Anger as Norwich last on list for £1m road safety schemes

An experimental 20mph limit in part of Norwich has been made permanent. PHOTO: ANTONY KELLY.

Road safety schemes in Norwich will only be done in the final year of a £1m project. - Credit: © ARCHANT NORFOLK PHOTOGRAPHI

Norwich is at the bottom of the list when it comes to locations where a hundred roads in Norfolk will be made safer over the next four years.

And Norfolk County Council cabinet's decision to put other parts of the county ahead of the city has been slammed by a councillor.

The Conservative-controlled cabinet at County Hall agreed on Monday to create a new £1m fund for the schemes.

The small-scale, community focused schemes will see up to £10,000 spent on each project to bring about road safety improvements, such as lower speed limits and changes to signs.

But the first work will be done in West Norfolk, followed by North and East Norfolk, South Norfolk and, in the final year, Norwich.

Graham Plant, deputy leader of the county council said the money would be particularly useful for areas which could not make use of the authority's Parish Partnerships Fund, where parish councils bid for a slice of cash to make improvements.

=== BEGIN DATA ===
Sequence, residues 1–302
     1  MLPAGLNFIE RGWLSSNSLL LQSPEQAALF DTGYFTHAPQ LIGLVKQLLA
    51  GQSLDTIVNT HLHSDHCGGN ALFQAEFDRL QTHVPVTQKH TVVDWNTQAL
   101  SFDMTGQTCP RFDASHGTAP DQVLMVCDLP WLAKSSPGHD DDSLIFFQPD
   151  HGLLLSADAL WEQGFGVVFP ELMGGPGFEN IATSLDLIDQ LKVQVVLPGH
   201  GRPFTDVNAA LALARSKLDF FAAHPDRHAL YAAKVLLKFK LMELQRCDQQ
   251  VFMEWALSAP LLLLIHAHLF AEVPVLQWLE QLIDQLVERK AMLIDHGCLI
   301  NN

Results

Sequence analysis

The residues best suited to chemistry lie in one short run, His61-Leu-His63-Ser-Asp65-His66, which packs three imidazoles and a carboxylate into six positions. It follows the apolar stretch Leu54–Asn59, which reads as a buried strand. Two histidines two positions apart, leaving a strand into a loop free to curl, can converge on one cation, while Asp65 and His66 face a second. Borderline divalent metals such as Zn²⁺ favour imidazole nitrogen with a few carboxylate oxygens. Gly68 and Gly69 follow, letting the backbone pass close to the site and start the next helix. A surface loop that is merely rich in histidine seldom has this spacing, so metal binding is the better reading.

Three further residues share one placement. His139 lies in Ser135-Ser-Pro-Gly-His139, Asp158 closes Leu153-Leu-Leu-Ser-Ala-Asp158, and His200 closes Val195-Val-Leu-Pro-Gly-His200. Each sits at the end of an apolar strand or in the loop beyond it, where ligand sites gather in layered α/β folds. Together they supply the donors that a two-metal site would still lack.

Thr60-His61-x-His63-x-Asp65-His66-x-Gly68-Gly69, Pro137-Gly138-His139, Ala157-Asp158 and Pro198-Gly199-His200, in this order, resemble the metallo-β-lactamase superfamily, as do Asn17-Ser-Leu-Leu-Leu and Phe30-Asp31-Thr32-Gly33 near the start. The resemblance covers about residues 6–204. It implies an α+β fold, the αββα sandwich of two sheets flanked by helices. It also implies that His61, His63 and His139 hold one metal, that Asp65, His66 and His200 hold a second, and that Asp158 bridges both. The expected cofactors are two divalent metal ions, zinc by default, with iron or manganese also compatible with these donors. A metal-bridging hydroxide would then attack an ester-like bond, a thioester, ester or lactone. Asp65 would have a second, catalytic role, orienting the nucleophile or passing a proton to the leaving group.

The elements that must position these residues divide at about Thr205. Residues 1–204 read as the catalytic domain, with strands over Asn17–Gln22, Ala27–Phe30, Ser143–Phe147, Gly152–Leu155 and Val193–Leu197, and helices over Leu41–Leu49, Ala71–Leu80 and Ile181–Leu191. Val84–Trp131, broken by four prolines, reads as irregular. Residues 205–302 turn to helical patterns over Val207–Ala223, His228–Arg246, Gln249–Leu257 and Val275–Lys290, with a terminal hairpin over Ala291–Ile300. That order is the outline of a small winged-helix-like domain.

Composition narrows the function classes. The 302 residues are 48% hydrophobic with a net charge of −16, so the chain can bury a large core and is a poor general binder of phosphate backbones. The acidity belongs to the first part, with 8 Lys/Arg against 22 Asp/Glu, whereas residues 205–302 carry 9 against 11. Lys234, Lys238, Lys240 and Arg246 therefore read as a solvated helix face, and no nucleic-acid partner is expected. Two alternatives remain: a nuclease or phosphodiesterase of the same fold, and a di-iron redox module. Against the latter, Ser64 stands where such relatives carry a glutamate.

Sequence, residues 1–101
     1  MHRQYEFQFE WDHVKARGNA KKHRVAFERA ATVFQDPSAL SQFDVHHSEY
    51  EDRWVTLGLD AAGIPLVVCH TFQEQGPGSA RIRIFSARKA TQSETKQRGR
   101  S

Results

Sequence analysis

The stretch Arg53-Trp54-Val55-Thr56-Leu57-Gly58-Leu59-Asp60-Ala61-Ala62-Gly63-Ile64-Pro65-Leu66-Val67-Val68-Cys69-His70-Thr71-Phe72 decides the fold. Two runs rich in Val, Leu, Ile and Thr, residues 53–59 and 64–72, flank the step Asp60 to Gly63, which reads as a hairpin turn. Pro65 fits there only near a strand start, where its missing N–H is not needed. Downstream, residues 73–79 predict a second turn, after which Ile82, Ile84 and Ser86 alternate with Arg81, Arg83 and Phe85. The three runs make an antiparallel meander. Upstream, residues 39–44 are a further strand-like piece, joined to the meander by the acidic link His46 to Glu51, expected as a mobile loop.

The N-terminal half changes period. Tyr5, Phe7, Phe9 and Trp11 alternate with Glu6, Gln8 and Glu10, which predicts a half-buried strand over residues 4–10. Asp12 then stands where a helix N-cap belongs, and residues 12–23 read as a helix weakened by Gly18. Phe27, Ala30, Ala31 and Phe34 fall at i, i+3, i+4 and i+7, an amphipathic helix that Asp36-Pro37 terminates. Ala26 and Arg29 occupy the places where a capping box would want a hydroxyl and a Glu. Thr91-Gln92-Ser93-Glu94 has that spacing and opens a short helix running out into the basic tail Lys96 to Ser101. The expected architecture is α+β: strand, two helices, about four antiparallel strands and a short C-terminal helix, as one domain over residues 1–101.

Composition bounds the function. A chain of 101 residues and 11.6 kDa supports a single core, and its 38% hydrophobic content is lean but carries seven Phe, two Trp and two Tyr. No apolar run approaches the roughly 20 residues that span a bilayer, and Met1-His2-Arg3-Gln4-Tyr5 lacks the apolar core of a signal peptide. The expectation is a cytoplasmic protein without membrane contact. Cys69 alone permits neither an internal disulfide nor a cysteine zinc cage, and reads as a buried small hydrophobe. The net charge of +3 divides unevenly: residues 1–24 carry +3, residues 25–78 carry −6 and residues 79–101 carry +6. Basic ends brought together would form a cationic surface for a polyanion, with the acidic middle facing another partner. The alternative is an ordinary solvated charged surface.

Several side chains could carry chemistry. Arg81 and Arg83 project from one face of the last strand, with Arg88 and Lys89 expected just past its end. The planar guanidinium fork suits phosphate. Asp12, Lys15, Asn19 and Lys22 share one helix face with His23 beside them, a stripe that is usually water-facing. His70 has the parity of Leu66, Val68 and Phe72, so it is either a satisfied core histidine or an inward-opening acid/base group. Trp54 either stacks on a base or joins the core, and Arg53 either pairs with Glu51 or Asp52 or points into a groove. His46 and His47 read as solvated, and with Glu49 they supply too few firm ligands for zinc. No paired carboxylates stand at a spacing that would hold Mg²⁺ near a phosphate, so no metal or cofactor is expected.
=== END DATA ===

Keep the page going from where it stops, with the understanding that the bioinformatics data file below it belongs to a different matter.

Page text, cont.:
Green city councillor Ben Price. Picture: Norwich City Council

Green city and county councillor Ben Price. - Credit: Norwich City Council

But Ben Price, Green county and city councillor, questioned why Norwich should be the last area to get improvements.

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He said: "I welcome the introduction of the new road safety community fund which could make a real difference in saving lives across the county.

"However, I am perplexed that Norwich, as the biggest urban area, has been pushed to the back of the queue for this vital funding, and significantly, after the next county elections.

"This suggests that the Conservative administration are prioritising their home areas and neglecting those areas which are less likely to vote Conservative. They seem to be playing politics with people's lives in Norwich.

"I hope that council will reconsider cabinet's decision and bring forward this vital funding for the city."

The council says about 20 to 30 schemes could be put in place each year, with the first improvements completed about a year from now.

Officers said rolling out schemes in geographical areas was more efficient and would save money.

The cabinet also agreed to make an extra £10m available over the next four years to fix pot-holes.

Pot-holes were behind the bulk of £250,000 compensation claims made to the county council.